Agri Business

Mercury above 40 deg Celsius over North-West

Vinson Kurian Thiruvananthapuram | Updated on May 11, 2011 Published on May 10, 2011

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Maximum temperatures recorded over large parts of northwest India during the 24 hours ending on Tuesday morning have ranged between 41 to 44 deg Celsius, an India Meteorological Department (IMD) update said.

Many parts of Punjab, Haryana, Rajasthan, Gujarat, Madhya Pradesh and Vidarbha and parts of Uttar Pradesh, Bihar, Chhattisgarh and Telangana were among those which witnessed these maxima, above normal by 2 to 3 deg Celsius.

The highest maximum temperature of 44.9 deg Celsius was recorded at Sri Ganganagar in Rajasthan.

But the IMD did not see significant change in maximum temperatures over the plains of northwest and adjoining central India until Friday.

This is also the period when a fresh but feeble mercury-killer western disturbance is expected to cross into the northwest and affect the hills and plains.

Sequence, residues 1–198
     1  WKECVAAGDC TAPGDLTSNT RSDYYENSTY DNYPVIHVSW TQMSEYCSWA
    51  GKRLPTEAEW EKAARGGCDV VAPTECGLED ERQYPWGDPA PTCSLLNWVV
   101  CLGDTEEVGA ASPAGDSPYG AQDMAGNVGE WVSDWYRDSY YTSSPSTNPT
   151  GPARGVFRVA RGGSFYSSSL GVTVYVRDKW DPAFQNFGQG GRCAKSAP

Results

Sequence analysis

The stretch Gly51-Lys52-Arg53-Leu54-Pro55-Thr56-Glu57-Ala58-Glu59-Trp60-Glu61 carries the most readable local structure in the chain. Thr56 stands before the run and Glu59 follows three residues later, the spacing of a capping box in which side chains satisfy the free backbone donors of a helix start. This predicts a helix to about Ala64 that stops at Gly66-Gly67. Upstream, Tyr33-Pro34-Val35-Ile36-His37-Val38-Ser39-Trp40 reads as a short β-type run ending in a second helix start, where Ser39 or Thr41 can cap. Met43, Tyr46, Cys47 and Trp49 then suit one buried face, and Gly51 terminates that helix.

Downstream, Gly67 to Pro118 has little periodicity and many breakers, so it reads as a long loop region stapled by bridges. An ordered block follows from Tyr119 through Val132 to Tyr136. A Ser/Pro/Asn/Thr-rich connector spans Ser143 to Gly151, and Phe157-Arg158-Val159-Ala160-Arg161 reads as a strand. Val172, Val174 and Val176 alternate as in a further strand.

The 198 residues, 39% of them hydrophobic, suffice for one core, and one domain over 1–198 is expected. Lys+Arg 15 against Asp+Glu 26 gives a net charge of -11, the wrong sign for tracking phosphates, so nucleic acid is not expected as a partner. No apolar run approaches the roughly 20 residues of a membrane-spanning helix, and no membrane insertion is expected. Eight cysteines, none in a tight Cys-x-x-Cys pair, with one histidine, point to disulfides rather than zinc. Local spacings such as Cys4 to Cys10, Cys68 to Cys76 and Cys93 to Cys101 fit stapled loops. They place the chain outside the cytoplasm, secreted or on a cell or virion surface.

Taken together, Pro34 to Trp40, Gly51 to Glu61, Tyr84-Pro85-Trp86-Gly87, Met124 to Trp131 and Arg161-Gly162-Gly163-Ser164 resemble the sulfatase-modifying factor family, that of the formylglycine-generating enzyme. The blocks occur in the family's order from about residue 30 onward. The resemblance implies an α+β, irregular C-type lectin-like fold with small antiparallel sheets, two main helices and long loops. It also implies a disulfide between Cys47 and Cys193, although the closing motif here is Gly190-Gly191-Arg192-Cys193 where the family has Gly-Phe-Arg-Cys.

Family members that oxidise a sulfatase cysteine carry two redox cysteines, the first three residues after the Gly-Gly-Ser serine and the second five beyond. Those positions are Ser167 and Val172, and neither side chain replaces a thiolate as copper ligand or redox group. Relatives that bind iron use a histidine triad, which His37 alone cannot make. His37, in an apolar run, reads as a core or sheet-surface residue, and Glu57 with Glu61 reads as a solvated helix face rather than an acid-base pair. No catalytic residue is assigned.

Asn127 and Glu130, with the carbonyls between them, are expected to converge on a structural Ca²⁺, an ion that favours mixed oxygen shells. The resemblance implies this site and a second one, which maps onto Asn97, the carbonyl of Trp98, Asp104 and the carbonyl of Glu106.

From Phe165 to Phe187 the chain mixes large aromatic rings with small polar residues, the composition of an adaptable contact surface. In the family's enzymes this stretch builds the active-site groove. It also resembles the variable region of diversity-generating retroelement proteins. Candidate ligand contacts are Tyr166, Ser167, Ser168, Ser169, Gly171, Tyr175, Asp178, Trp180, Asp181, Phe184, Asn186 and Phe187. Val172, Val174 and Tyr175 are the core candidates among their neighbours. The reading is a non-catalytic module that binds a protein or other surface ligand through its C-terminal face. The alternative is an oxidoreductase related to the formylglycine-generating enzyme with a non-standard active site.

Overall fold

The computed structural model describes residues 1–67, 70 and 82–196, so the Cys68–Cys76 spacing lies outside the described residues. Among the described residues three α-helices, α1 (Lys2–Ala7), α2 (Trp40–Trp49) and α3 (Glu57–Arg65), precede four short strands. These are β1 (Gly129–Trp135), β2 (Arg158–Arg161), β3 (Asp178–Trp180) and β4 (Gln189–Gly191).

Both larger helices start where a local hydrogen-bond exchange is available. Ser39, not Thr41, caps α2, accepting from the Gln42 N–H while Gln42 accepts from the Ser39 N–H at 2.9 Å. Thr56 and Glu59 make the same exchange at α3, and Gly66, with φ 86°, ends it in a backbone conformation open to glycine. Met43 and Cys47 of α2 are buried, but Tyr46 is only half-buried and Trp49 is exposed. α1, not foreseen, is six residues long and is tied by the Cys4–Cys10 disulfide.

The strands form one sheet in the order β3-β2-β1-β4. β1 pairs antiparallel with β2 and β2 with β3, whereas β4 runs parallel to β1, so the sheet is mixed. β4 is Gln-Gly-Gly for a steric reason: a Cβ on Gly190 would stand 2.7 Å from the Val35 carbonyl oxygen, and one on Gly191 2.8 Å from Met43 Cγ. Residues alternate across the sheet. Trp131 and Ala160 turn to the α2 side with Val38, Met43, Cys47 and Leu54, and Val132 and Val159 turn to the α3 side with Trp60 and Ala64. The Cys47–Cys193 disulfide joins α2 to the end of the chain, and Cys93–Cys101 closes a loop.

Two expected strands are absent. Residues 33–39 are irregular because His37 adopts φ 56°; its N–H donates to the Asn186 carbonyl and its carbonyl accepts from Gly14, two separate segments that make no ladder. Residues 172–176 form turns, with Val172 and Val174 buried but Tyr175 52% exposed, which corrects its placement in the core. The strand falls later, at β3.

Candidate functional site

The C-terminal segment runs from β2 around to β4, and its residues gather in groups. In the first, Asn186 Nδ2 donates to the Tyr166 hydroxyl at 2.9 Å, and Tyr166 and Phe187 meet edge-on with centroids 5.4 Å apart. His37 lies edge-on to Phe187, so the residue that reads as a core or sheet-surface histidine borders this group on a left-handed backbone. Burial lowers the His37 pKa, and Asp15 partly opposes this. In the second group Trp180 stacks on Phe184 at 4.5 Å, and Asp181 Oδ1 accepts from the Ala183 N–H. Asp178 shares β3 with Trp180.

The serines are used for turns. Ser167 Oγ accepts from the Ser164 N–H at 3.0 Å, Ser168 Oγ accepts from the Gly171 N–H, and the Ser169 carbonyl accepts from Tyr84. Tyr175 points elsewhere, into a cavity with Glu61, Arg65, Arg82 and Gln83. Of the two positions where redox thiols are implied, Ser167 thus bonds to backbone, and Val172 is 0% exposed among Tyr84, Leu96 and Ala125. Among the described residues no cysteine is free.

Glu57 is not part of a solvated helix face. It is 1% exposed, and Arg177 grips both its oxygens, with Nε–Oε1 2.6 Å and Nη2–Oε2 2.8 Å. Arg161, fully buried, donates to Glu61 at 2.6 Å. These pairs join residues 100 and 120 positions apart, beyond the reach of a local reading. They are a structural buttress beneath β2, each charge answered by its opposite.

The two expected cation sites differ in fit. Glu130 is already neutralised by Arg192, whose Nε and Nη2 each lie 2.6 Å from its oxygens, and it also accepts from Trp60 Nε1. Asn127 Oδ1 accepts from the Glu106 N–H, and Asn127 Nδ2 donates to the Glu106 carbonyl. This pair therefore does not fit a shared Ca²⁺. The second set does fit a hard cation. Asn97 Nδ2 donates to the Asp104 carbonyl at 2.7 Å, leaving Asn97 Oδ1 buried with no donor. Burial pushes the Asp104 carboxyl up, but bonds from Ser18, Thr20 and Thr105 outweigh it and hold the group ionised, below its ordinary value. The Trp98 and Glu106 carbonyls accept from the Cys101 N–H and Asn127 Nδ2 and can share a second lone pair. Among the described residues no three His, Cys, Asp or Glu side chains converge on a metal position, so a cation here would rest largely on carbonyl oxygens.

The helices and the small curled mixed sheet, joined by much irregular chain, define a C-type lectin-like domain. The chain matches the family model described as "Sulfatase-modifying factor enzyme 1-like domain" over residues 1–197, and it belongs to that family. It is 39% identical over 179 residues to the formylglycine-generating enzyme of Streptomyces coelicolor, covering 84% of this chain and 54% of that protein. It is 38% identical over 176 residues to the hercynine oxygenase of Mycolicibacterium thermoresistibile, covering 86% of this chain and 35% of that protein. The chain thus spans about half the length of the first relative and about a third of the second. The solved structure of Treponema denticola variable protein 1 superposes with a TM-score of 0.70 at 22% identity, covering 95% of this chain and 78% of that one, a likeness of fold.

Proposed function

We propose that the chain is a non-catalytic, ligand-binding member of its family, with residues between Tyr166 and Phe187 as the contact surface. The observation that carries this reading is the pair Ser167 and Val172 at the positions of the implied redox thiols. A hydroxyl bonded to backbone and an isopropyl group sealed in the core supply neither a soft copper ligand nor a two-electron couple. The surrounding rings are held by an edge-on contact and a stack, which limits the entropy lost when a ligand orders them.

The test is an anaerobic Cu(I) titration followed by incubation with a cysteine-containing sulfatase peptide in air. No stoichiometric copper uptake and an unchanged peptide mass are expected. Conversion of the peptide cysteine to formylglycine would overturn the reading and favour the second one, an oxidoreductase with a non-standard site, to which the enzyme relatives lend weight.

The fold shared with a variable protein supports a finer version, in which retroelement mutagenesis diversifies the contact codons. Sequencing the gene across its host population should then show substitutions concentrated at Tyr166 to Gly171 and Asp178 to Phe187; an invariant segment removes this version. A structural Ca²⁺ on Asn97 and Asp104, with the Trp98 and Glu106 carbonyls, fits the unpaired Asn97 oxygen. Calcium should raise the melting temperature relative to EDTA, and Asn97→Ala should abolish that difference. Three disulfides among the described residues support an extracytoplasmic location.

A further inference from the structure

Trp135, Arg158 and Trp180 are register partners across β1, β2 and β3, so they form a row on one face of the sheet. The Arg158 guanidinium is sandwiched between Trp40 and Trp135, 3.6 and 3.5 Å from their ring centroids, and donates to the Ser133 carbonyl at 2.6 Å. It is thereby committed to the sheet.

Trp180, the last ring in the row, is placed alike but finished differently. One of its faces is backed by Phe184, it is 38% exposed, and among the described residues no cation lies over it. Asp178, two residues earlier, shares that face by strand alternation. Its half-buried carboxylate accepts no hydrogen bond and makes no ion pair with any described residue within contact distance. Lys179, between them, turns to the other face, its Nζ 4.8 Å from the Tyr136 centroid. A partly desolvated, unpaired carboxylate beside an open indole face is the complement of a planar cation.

On Tuesday, however, a predecessor western disturbance over Jammu and Kashmir and neighbourhood was moving away eastwards.

A weather warning valid until Friday said that isolated dust storms or thunderstorms would break out over Rajasthan and west Uttar Pradesh.

Isolated thunder squalls would roll over east Uttar Pradesh, Jharkhand and West Bengal and Sikkim.

An extended forecast valid until Sunday said that isolated dust storms or thunderstorms could continue to hold sway over the plains of northwest India.

But fairly widespread rain or thundershowers may unfold over the Northeastern States and isolated over adjoining east India.

On Tuesday, the IMD traced an upper air cyclonic circulation to over west Uttar Pradesh and neighbourhood.

A trough from this system ran east-southeast towards Manipur across east Uttar Pradesh, Bihar, sub-Himalayan West Bengal, Sikkim and Bangladesh.

The trough would allow moisture-laden southeasterly winds to blow in from the Bay of Bengal and fuel the ongoing thunderstorm-driven turbulent weather in east and northeast India.

Satellite imagery on Tuesday afternoon showed the presence of convective (rain-causing) clouds over parts of east-central Bay of Bengal and Andaman Sea.

Published on May 10, 2011
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